Another interest of mine is to start an African American/ African forum of discussions on a national scale that could rectify some of the past injustices and some present issues.

13. sid_from_somalia - June 21, 2010 at 09:56 am

I have recently spoken with people at the World Bank and UNDP about why global donors are so stingy when it comes to assisting African Universities. They both acknowledged the problem but had no clear explanation to explain their policies. The simple fact is that without good universities there will be no 'next generation' of African leaders who can move Africa away from the culture of dependence. A cynical person might say that that is precisely why the aid agencies don't help. It might put them out of a job.


14. baileyjg - June 21, 2010 at 01:41 pm

I value this article and the call for a dialogue on building meaningful partnerships tied to strategic outcomes.
Bravo for this beginning! I am project director for a technology-driven program that addresses literacy, at a Liberian University. Partnerships and "buy-in" have been fundmental to our success.
Jennifer G. bailey, Ph.D. Baileyjg@gmail.com

15. inselberg - June 24, 2010 at 02:06 pm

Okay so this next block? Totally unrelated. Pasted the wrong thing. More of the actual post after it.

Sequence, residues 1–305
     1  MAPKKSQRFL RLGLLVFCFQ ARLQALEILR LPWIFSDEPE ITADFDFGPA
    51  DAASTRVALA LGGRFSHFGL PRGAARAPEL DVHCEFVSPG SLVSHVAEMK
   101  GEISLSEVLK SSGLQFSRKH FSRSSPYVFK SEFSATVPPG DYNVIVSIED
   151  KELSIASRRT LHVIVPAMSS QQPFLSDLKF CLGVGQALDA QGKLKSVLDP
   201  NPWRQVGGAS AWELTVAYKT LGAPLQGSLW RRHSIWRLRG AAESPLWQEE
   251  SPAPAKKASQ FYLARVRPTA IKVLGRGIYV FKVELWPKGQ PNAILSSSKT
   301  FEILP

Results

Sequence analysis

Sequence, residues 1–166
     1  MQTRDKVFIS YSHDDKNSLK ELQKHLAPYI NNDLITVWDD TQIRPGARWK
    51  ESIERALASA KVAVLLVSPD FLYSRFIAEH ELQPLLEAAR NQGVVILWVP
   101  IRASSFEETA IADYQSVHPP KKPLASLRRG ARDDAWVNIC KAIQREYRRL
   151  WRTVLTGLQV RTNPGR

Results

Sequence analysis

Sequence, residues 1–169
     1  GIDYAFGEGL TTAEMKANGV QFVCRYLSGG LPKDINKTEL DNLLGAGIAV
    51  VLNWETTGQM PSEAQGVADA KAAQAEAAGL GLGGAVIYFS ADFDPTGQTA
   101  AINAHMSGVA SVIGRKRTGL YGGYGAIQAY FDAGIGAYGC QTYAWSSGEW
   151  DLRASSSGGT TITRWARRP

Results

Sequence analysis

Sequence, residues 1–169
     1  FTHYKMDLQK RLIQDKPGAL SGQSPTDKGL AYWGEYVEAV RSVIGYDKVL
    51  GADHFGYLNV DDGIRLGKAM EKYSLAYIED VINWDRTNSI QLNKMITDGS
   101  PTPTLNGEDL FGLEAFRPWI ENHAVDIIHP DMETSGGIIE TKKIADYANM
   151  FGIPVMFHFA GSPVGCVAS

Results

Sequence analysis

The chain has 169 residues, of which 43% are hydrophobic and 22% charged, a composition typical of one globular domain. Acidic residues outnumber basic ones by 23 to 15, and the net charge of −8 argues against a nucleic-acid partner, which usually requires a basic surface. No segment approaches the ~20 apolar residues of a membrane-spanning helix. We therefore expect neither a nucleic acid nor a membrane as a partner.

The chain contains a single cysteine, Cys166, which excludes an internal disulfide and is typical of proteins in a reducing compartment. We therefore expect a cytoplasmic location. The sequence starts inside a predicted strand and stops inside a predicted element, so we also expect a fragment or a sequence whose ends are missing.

An interesting perspective, but one not well founded on grant realities (in the USA at least). Many federal agencies refuse to allow an international co-PI or science collaborator (e.g., NASA). So many of us in this case hire field consultants (yes less respectful, but a mechanism to hire local scientists). Other agencies will allow meaningful subcontracts and local PIs in certain circumstances (e.g., NIH) The challenge in this case is that many of the African groups are unable to effectively account for resources spent or budget appropriately, and I am not speaking of corruption here, just best accounting practices typically required by funding agencies. I've taken many graduate students into LDCs and usually I pay, via my grants, for their vaccinations and malarial prophylaxis, so safety is a budget concern. My most recent funded work was delayed 6 months from its budgeted start date by violence within one African country. I am halfway through this particular award and still have budget headaches over this. It would be great to develop long term formal fundable working relationships with African Universities. They have no control over exogenous funding requirements, but could do a much better job of being capable of collaborating meaningfully.

16. chaussures1 - June 25, 2010 at 09:39 am